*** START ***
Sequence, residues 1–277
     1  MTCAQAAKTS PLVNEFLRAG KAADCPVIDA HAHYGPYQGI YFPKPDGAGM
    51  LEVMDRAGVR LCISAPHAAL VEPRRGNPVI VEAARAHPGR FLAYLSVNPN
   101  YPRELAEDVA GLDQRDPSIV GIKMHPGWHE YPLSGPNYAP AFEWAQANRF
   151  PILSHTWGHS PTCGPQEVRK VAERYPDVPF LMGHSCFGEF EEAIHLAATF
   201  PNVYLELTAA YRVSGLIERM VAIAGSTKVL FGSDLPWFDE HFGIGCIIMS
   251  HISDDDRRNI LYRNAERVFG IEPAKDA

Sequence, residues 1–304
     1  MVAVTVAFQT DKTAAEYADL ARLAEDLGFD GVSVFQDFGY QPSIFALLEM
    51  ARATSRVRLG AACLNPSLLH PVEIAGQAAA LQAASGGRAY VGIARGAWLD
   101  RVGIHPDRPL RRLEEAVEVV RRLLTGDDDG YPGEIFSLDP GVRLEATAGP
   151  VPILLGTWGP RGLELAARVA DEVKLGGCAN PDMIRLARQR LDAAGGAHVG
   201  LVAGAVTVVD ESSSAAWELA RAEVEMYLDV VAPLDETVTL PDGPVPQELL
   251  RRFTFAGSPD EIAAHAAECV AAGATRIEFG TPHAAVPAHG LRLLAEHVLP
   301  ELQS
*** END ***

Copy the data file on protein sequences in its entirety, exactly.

Sequence, residues 1–277
     1  MTCAQAAKTS PLVNEFLRAG KAADCPVIDA HAHYGPYQGI YFPKPDGAGM
    51  LEVMDRAGVR LCISAPHAAL VEPRRGNPVI VEAARAHPGR FLAYLSVNPN
   101  YPRELAEDVA GLDQRDPSIV GIKMHPGWHE YPLSGPNYAP AFEWAQANRF
   151  PILSHTWGHS PTCGPQEVRK VAERYPDVPF LMGHSCFGEF EEAIHLAATF
   201  PNVYLELTAA YRVSGLIERM VAIAGSTKVL FGSDLPWFDE HFGIGCIIMS
   251  HISDDDRRNI LYRNAERVFG IEPAKDA

Sequence, residues 1–304
     1  MVAVTVAFQT DKTAAEYADL ARLAEDLGFD GVSVFQDFGY QPSIFALLEM
    51  ARATSRVRLG AACLNPSLLH PVEIAGQAAA LQAASGGRAY VGIARGAWLD
   101  RVGIHPDRPL RRLEEAVEVV RRLLTGDDDG YPGEIFSLDP GVRLEATAGP
   151  VPILLGTWGP RGLELAARVA DEVKLGGCAN PDMIRLARQR LDAAGGAHVG
   201  LVAGAVTVVD ESSSAAWELA RAEVEMYLDV VAPLDETVTL PDGPVPQELL
   251  RRFTFAGSPD EIAAHAAECV AAGATRIEFG TPHAAVPAHG LRLLAEHVLP
   301  ELQS